Lyceum Program: “Persuasion and the Nature of Politics”
On February 12, 2020, the Lyceum Program Speaker Series, a JMC partner program, will host JMC faculty partner Mark Blitz for a lecture on persuasion and the nature of politics.
Persuasion is important in any political regime that relies on compromise, diplomacy, and competitive elections. What makes it possible and effective? What are its limits? And, what does using it teach us about the place of reason in political life? The event will include a lecture and Q&A.
Wednesday, February 12, 2020, 5:30 PM
100 Hardin Hall • Clemson University
Free and open to the public
Mark Blitz is Fletcher Jones Professor of Political Philosophy and Director of the Henry Salvatori Center for the Study of Individual Freedom at Claremont McKenna College. His research interests include political science, American politics, ancient philosophy (particularly Plato), and 21st-century philosophy (particularly Heidegger). He served during the Reagan Administration as associate director of the United States Information Agency and as a senior professional staff member of the Senate Committee on Foreign Relations. Blitz has received numerous teaching awards, including the American Political Science Association Award for Outstanding Teaching (2008), the Crocker Award for Merit from Claremont McKenna College (2007), and the Lindback Distinguished Teaching Award from the University of Pennsylvania.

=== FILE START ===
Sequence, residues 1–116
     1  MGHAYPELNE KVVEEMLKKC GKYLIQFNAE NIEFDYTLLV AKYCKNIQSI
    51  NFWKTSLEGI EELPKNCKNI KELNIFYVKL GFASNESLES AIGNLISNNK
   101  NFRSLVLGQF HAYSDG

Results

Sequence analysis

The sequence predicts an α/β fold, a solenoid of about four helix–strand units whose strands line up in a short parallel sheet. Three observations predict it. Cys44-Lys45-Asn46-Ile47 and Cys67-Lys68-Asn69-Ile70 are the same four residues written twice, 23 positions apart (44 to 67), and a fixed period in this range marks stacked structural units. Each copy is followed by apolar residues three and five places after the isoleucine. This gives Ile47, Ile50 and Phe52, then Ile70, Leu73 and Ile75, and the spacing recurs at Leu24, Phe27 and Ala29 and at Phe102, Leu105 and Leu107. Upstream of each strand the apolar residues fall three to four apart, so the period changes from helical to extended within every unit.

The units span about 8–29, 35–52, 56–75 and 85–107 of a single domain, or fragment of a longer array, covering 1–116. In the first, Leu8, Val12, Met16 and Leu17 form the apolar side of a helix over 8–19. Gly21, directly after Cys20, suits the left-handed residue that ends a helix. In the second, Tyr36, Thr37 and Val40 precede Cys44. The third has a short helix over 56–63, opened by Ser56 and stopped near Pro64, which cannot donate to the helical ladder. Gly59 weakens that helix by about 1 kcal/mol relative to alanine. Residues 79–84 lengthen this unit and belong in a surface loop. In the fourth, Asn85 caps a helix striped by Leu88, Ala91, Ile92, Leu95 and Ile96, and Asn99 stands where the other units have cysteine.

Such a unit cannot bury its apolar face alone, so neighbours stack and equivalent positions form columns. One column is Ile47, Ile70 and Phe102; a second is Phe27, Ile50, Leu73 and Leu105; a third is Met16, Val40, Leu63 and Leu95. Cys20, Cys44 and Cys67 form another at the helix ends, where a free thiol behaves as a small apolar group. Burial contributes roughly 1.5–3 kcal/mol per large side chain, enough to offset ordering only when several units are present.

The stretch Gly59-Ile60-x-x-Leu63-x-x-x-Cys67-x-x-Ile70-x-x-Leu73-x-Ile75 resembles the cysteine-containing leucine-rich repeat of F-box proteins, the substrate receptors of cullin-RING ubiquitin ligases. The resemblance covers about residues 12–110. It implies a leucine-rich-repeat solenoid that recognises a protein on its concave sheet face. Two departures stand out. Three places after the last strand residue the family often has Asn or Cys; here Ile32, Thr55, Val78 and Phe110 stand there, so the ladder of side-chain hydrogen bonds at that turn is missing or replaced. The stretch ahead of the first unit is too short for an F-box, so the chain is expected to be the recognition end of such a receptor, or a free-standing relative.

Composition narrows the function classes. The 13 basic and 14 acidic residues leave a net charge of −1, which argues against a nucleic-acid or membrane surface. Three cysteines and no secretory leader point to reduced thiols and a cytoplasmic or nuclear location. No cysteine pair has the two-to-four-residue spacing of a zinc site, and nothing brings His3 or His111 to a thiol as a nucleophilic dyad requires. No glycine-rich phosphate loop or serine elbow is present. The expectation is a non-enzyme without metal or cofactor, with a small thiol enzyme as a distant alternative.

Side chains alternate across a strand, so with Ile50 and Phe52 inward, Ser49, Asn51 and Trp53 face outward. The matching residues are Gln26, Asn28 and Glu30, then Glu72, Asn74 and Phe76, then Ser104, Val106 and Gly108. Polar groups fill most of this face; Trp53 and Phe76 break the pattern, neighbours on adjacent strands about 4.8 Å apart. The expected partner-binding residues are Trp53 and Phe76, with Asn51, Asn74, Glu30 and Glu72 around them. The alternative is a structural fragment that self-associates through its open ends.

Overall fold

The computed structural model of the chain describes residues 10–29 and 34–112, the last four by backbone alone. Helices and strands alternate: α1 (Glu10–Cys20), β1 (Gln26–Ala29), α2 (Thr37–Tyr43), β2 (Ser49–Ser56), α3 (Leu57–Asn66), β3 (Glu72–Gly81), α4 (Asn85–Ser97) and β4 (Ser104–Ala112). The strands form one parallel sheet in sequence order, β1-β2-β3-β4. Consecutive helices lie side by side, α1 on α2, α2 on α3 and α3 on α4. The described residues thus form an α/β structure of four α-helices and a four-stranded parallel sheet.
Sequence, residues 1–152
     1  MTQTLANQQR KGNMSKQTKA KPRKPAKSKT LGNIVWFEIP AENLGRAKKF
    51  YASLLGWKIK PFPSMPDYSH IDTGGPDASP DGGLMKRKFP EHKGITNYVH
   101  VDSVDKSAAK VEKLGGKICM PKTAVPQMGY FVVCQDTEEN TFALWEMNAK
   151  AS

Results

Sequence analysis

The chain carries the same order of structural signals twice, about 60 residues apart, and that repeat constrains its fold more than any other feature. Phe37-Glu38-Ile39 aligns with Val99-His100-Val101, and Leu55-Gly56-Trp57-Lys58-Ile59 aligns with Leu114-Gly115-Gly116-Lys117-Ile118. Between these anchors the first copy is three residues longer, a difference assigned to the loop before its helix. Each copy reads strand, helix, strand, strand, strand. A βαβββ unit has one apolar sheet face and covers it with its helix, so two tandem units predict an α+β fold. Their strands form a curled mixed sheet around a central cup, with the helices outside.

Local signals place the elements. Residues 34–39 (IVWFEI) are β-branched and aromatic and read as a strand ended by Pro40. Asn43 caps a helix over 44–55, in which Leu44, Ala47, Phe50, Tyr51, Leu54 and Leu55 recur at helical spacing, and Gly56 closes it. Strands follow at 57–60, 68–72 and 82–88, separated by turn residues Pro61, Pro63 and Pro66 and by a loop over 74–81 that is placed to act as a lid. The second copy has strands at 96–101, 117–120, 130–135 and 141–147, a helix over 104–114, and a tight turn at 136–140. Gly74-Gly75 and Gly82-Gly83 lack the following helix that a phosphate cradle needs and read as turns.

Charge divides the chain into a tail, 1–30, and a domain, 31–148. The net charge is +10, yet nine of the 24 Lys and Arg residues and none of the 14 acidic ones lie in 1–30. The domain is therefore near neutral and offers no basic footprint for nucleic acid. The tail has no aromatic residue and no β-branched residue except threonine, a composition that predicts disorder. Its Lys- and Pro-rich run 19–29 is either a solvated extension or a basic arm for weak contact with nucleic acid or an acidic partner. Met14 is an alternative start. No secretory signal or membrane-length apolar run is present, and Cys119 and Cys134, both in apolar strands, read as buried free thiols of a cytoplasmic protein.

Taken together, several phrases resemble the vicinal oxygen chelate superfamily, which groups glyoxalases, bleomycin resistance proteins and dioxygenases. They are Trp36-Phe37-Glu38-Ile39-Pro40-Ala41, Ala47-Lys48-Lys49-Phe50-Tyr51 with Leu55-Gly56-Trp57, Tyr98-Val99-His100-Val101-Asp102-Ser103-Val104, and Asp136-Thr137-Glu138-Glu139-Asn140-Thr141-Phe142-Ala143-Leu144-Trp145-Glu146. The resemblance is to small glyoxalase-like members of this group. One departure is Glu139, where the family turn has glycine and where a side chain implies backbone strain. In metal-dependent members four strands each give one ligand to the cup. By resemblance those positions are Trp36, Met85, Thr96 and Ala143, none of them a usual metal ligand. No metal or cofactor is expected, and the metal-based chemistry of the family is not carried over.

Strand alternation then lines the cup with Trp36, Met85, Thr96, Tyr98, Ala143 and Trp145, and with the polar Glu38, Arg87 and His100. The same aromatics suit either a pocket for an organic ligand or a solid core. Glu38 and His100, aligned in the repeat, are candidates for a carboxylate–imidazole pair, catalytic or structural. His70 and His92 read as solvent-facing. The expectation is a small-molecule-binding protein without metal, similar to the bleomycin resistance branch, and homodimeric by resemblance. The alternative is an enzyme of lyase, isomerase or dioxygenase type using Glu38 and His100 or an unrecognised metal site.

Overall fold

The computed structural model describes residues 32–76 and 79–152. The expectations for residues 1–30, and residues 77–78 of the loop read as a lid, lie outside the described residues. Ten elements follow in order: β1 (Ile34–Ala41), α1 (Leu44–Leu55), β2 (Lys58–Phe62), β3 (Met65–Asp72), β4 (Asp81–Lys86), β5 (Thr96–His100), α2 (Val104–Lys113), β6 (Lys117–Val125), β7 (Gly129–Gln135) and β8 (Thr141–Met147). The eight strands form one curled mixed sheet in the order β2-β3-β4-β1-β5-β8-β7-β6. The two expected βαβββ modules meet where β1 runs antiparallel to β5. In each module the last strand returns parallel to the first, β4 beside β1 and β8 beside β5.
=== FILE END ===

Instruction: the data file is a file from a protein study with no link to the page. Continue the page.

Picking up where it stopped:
Professor Blitz is a JMC faculty partner.
Learn more about Mark Blitz >>
Open to incoming freshmen, the Lyceum Scholars Program, a JMC partner program, is the first college program in the United States to use a Great Books approach to studying liberty, capitalism, the American Founding, and moral character. All Lyceum Scholars are assigned faculty “Socratic Tutors” who guide their intellectual development for their entire four-year education. The Program draws inspiration from the Lyceum School founded by Aristotle in ancient Greece. Lyceum Scholars study the moral principles of a free society, the political ideals of the American Founding and the economic foundations of capitalism.
Click here to learn more about the Lyceum Scholars Program >>
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